Influence of Orexin Antagonism on Motivation for Alcohol

Grants and Contracts Details


ABSTRACT Alcohol use disorder (AUD) is an unrelenting public health concern. Despite great strides in understanding the neurobiological underpinnings of problem alcohol use in preclinical models, a limited amount of research has translated those findings into clinical populations. Such translation is crucial to identify neurobiological circuits that contribute to the problems posed by AUD and to guide treatment based on those clinical neuroscience findings. One area of intense interest in preclinical research is the role of the orexin system in addiction. Through extrahypothalamic transmission, the orexin system plays a key part in motivation for maladaptive rewards like drugs of abuse. In preclinical studies, exogenous administration of orexin peptides increases alcohol self-administration. Conversely, pharmacological antagonism of the orexin system reduces effortful responding maintained by alcohol (e.g., on a progressive-ratio schedule) and alcohol-seeking behavior, relative to vehicle. Pharmacological antagonism of orexin receptors also ameliorates sleep disruptions caused by chronic alcohol exposure. Preclinical findings further indicate administration of orexin antagonists generally does not affect responding for non-alcohol rewards. Taken together, these preclinical findings suggest orexin system antagonism selectively reduces motivation for alcohol, as well as other maladaptive alcohol-associated behaviors. Although a robust preclinical literature indicates a key role of the orexin system in motivation for alcohol, along with alcohol’s other pharmacodynamic effects, this area remains essentially unstudied in humans, except for some observational studies showing altered peripheral orexin levels during alcohol withdrawal. The overarching goal of this project is thus to translate promising preclinical findings into clinical populations, thereby demonstrating the orexin system plays a key role in motivation for alcohol in humans. This project will also determine the influence of orexin antagonism on other pharmacodynamic effects of alcohol, including subjective response, performance, physiological response and sleep. The research proposed here will directly translate findings from preclinical research and provide the initial clinical evidence that orexin antagonism reduces motivation for alcohol and other alcohol-associated maladaptive behaviors in individuals with AUD. This study will also provide basic science information about the orexinergic mechanisms underlying the pharmacodynamic effects of alcohol in humans. As such, the outcomes will contribute to our understanding of the clinical neurobiology of AUD. Overall, the proposed work seeks to expand the scope of current clinical neuroscience research on AUD by focusing on orexin, which has strong preclinical evidence supporting its critical role in addiction but remains largely unstudied in humans.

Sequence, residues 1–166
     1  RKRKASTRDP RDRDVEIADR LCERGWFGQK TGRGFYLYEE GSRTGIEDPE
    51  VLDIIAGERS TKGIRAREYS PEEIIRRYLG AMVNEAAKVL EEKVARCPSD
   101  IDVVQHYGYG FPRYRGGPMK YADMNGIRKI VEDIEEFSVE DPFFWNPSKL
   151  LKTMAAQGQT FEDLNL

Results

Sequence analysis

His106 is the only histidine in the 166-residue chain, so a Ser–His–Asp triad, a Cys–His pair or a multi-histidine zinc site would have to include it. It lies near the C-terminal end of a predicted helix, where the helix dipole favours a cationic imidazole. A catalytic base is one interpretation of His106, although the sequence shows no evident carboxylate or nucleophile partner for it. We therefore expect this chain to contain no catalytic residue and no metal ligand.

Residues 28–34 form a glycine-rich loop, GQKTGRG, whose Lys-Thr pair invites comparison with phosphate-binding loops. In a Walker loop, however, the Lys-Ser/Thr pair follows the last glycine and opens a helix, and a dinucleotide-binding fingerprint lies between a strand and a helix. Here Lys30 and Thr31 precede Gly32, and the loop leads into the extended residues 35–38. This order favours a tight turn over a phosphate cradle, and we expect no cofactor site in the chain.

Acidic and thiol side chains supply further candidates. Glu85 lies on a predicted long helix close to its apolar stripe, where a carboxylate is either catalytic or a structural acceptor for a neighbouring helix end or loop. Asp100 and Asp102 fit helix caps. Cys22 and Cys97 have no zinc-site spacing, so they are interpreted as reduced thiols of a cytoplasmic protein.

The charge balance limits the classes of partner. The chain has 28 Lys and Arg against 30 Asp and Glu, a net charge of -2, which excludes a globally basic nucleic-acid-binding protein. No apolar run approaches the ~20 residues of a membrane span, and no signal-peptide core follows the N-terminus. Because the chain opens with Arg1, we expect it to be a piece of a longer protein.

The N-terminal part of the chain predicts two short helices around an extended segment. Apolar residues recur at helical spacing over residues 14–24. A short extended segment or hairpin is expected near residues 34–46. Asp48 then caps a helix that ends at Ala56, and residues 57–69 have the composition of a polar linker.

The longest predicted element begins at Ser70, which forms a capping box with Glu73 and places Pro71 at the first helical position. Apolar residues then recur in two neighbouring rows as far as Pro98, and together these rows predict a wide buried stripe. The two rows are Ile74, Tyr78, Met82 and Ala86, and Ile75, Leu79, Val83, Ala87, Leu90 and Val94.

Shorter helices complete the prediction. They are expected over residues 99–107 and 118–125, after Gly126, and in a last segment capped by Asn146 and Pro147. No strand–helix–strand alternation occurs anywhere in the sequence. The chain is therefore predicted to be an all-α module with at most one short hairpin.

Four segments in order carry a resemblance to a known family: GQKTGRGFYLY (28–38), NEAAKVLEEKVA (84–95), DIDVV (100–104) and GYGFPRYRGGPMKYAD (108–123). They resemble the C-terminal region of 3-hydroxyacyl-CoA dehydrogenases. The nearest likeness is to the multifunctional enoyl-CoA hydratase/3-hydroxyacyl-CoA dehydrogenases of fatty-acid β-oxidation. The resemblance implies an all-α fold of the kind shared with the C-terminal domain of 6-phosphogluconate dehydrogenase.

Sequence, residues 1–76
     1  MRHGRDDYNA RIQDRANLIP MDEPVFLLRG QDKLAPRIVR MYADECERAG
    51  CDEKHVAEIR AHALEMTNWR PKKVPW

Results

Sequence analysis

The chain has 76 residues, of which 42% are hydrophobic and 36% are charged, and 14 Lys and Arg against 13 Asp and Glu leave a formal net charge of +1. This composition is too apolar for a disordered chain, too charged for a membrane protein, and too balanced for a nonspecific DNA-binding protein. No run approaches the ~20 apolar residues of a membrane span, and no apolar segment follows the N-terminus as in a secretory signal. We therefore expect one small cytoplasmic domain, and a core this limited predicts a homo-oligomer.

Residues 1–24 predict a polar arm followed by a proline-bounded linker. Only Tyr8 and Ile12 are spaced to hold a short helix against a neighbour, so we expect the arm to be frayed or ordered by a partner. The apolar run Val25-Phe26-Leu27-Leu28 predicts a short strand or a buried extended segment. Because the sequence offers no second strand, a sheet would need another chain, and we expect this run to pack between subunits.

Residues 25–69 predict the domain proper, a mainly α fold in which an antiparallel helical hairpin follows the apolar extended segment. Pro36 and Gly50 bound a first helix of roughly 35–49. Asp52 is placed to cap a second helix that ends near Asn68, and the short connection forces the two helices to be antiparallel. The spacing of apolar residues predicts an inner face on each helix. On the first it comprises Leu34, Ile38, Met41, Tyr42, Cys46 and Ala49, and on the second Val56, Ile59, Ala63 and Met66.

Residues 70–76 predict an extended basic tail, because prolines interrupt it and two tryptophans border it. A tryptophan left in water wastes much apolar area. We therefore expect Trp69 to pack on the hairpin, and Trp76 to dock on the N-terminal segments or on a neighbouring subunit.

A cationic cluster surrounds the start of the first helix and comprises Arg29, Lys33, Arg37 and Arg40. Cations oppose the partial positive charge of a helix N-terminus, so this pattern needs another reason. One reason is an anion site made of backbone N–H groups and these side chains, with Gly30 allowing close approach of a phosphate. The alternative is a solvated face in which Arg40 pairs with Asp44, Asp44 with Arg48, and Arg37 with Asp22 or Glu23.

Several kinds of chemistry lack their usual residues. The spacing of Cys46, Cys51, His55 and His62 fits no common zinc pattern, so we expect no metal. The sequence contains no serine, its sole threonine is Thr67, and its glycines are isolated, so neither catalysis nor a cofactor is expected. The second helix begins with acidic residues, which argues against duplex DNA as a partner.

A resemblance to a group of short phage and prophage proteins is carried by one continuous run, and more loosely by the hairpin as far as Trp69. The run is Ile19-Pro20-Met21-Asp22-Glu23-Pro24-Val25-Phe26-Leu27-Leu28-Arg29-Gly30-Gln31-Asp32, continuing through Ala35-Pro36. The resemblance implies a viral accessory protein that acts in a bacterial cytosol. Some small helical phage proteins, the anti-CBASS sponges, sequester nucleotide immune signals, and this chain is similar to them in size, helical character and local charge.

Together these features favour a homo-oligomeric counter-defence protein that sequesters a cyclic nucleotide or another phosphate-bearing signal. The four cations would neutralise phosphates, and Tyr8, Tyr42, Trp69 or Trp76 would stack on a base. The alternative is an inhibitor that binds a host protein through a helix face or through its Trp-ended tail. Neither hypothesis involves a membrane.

Effective start/end date3/15/242/28/27


  • National Institute on Alcohol Abuse and Alcoholism: $526,984.00


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